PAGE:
Cannabis might stop you getting pregnant - study

Cannabis users hoping to have a child should ease up on their smoking, researchers say - and not just because it's bad for any potential baby. The drug could be preventing them from getting pregnant in the first place. 

Scientists at the Eunice Kennedy Shriver National Institute of Child Health and Human Development in the US looked at a study cataloguing the experiences of more than 1200 women who'd suffered a previous pregnancy loss. Each tried for up to six months to conceive, and filled out surveys on their drug use as well as undergo urine tests. 

"While existing studies suggest that self-reported cannabis use is not associated with fecundability (the ability to conceive), self-report may not be reliable," the study, published in the journal Human Reproduction this week, says.

But by the end of the six-month study, 66 percent of those who didn't use cannabis had conceived, compared to just 42 percent of smokers - even though those who smoked regularly tended to have more sex. 

"These findings highlight potential risks on fecundability among women attempting pregnancy with a history of pregnancy loss and the need for expanded evidence regarding the reproductive health effects of cannabis use in the current climate of increasing legalisation," the researchers said.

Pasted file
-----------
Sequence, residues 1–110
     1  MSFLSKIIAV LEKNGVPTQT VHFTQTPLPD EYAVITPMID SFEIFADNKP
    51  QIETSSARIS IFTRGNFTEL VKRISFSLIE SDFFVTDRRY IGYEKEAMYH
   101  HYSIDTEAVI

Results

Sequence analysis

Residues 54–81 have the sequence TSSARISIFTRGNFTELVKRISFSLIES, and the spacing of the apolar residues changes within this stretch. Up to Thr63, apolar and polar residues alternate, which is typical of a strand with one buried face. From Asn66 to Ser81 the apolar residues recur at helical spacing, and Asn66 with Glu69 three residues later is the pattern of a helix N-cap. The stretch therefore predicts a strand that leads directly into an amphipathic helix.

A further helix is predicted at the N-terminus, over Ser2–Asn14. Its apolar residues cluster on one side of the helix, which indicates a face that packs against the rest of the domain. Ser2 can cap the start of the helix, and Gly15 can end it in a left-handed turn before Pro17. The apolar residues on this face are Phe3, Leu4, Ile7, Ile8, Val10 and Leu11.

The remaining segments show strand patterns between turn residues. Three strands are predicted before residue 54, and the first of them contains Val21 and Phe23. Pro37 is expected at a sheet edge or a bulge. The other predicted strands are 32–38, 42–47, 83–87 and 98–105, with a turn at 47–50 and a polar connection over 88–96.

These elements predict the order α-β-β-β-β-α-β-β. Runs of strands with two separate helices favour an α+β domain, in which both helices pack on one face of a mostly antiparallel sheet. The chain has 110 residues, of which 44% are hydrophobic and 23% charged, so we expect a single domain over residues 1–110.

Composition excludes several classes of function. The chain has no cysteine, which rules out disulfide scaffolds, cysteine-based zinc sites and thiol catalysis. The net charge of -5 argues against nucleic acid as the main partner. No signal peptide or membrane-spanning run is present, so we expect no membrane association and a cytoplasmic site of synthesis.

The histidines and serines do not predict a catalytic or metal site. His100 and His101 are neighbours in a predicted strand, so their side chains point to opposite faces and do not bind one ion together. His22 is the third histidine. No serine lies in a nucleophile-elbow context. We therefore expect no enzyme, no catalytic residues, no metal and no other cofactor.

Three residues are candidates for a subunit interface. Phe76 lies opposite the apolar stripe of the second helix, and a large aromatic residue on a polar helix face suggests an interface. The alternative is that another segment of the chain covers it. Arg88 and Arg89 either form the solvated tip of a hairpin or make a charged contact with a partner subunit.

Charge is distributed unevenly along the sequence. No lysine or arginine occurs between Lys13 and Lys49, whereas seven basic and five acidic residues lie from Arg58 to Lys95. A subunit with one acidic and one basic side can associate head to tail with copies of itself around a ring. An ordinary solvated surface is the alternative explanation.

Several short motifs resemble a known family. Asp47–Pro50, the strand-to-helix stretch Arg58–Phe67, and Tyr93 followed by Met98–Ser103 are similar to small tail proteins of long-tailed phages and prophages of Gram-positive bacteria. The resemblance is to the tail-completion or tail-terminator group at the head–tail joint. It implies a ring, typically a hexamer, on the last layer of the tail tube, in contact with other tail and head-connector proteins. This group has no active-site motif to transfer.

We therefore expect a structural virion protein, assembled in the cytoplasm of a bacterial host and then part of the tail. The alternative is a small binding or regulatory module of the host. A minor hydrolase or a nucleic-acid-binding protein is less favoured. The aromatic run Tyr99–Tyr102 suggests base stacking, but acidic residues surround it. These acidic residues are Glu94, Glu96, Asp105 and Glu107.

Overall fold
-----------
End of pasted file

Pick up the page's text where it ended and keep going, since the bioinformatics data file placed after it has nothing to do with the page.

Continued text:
There was no link found between cannabis use and miscarriages in this particular study, suggesting rather than being harmful to any existing pregnancies, the cannabis was stopping conception from happening in the first place. 

"Compared to non-users, cannabis users also had differences in reproductive hormones involved in ovulation," the institute said in a statement.

"These differences could potentially have influenced their likelihood of conception. Specifically, users had higher levels of luteinising hormone and a higher proportion of luteinising hormone to follicle-stimulating hormone.

"The authors also noted that animal studies had found that cannabis use could alter the lining of the uterus, making it less likely an embryo to implant and establish a pregnancy."

Cannabis use of the women's partners wasn't measured in the study either. Previous research has found a link between the father's use of cannabis and an increased chance of miscarriage, as well as lowered semen count.

"Until more information is available... women trying to become pregnant should be aware that cannabis could potentially affect their pregnancy chances." 

New Zealand last year voted in a referendum to keep recreational cannabis use illegal, despite many medical experts pushing for its legalisation, saying it's less harmful than alcohol.